My lack of musical ability never fazed me. I wasn’t ashamed that I wasn’t the best; I was just excited to be playing music with people. There was something about the way the harmonies would come together that bewildered me. I could play a part, and someone else could play a part, and someone else could play a part, and suddenly we were playing a song together. We were moving parts coming together to make a greater whole. There were moments when we would be playing through a song, and I would think, “Hey! We’re doing it! And it sounds great!” It was magic.
It was this magic that kept me in orchestra through middle school and high school. I was average at best, and yet I felt so much pride dazzling audiences with numbers like Doodlin’ Digits and Fiddling A-Round. On concert nights. I would sit excitedly in my chair, warm up, wait for the note to tune our instruments, and beam with pride as we played the concert. It was exhilarating. In these moments I felt that I was a part of something bigger than myself. Here we were, mere teenagers, moving people with our interpretations of Christmas classics.
I joined the varsity orchestra towards the end of my sophomore year of high school. They were in the middle of learning an arrangement of Dvořák’s New World Symphony, and I had to catch up in order to play in the next concert. My first time playing through the music was like learning to read for the first time. It was as if I had forgotten what music looked or sounded like. On the first day of rehearsal, I had all the dexterity of a newborn baby. I played softly, kept my head down, sat in the back of the Second Violin section, and slowly caught up to the class.
As the concert drew near, we were playing through more and more of the song. We were putting the finishing touches on our performance and were able to play through the piece without major mistakes. The first time I heard us play through the song left me dumbfounded. The unfolding melodies, the loud timpani, and the stillness and grandeur of New World Symphony moved me. I felt privileged to get to play the piece for an audience and fill the stage with such beautiful, dynamic, full sounds. I continued to have this experience. Over the years, my heart ached with Barber’s Adagio for Strings, soared with Holt’s Planets, and danced with Tchaikovsky’s String Serenade. The music was greater than I was, but I was privileged enough to be a part of it.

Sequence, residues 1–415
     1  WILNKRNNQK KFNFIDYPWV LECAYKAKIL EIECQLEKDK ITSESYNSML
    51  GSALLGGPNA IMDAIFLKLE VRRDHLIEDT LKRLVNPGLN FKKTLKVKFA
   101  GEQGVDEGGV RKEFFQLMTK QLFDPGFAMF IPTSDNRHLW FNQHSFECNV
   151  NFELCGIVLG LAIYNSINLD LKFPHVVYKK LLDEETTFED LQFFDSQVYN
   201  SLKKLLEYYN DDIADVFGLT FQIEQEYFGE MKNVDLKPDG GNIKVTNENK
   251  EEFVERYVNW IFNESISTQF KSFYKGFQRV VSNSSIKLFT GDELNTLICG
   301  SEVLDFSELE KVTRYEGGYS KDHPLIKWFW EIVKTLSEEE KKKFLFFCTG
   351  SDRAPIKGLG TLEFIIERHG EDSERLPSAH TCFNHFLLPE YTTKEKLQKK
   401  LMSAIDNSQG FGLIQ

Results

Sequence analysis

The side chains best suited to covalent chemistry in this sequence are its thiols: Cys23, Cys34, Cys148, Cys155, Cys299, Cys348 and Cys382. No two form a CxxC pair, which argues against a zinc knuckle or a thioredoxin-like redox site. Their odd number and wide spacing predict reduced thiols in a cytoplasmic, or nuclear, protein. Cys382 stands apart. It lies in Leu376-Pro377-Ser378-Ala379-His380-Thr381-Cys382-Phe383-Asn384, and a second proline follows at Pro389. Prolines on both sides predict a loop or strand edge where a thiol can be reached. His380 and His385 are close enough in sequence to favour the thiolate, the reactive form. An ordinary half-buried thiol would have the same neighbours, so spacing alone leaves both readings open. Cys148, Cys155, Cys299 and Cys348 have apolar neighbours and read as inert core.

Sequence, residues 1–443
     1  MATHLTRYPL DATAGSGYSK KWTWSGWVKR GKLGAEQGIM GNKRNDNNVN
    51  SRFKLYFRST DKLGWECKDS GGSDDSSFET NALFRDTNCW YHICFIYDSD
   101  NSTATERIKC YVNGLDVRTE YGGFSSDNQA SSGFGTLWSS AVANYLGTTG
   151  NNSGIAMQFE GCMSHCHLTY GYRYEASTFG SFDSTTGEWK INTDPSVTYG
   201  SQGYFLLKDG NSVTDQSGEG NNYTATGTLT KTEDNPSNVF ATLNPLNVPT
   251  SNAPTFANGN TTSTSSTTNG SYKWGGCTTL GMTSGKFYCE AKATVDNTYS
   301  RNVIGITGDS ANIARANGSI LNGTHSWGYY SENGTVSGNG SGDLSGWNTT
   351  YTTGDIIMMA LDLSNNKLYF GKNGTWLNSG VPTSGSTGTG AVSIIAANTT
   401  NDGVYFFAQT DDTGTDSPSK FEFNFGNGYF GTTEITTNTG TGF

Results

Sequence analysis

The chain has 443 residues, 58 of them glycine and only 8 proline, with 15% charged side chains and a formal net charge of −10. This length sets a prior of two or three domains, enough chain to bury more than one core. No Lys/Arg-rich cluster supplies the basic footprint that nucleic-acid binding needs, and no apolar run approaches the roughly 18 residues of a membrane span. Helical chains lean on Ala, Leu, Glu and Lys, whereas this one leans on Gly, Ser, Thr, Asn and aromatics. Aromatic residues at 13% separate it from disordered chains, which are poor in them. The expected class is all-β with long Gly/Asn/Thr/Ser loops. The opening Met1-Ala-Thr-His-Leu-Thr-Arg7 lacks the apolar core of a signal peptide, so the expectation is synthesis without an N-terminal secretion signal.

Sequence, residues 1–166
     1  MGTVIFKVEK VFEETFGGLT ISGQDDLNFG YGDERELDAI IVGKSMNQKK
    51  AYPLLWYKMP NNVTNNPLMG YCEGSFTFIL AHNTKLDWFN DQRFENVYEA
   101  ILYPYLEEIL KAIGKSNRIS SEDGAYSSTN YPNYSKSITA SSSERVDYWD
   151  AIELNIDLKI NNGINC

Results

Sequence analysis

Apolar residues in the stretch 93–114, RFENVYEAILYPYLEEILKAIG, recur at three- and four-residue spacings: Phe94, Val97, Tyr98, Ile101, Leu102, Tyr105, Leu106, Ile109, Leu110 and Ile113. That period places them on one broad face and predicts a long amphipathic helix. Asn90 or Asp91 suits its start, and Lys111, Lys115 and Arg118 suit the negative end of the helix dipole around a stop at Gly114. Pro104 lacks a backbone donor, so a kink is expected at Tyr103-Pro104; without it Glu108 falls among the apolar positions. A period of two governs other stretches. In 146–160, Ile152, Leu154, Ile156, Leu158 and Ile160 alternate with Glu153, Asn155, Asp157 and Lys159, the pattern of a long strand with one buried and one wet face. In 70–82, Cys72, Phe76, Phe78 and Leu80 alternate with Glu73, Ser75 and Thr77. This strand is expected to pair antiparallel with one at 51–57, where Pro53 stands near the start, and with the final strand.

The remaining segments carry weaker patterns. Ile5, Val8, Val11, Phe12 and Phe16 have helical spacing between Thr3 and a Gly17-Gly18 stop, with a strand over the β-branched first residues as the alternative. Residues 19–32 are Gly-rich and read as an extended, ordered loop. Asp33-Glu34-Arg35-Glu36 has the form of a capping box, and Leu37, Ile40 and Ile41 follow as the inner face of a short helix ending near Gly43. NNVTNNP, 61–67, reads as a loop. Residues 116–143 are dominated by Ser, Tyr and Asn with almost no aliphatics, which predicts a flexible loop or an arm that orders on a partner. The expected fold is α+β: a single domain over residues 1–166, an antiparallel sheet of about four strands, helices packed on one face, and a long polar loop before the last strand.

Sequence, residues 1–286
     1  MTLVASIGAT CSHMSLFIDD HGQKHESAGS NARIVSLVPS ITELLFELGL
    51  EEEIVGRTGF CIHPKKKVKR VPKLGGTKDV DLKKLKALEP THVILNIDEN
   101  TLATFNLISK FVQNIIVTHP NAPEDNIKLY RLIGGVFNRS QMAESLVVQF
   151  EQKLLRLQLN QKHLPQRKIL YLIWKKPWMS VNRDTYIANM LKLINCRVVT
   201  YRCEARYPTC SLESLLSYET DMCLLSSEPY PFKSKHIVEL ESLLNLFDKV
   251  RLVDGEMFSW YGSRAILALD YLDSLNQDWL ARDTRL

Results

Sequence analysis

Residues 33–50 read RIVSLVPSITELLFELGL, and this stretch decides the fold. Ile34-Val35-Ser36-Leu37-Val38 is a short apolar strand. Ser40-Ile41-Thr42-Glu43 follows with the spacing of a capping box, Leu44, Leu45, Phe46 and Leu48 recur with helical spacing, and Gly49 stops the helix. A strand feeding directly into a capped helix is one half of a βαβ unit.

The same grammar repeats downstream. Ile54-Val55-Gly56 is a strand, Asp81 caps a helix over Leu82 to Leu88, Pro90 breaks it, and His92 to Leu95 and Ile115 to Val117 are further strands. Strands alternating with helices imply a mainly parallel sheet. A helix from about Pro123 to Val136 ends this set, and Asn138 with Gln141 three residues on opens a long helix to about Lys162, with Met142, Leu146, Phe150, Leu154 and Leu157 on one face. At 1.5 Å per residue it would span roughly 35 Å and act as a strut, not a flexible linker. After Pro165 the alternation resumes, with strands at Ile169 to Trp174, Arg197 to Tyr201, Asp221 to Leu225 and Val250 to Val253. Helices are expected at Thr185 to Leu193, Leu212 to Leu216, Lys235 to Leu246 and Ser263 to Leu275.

I stopped playing violin when I graduated high school. After eight years of playing music, I learned the following: I am a lousy musician and I love playing music. Something strange happens when you play music. For the length of the song, there is an exchange that is at once private and public. Initially, there is this feeling that you, as an individual, belong to something, that together with the orchestra, you are creating something of value. You are all in it together, even if only for the length of one song. Then there is the feeling that you belong to something much greater than you or the orchestra. You are a part of the music. You are just a vehicle, but the music cannot exist without you. The piece cannot be played without your hands to play it. At the same time there is something deeply personal about playing music. You do it for you, because you enjoy it, you put your heart into it and get lost in it. You close your eyes, you sway your body, you are moved. Finally there is the public performance. You perform for an audience. You are doing something that you love, for someone else. You are giving the audience an opportunity to stop and enjoy the moment, enjoy the music, enjoy life. You are giving something meaningful to a group of people.
Over the years I’ve realized that what I felt as an adolescent playing in orchestra is still important to me as a graphic designer. I still want to inspire, to belong to something great, and to create moments of joy and introspection. I think the connection between music and design comes from the desire to live a life that is enriching and the desire to share something enriching with others.
When I played violin, it didn’t matter that I wasn’t the best in the orchestra. It didn’t matter that I was playing in a high-school auditorium. It didn’t matter that I didn’t matter. What mattered was that I was participating in something I cared about and believed in. The common denominator between my life as a designer and my life as a musician is the desire to create something of resonance. If, as a designer, I am given the opportunity to create something that helps someone, makes someone feel understood, or makes an experience more practical, special, or beautiful, I am fulfilled.
I often think about how early on my future kids will start playing music. I will sign them up for a music lesson and tell them stories about my life as a young violinist. I will ask them to live my unlived dream of becoming a musician. They will play music for a few years, and then follow their own paths. In the end, it won’t matter if they stick to music. What will matter is that they will have experienced the magic of making music and will have learned to be moved and inspired.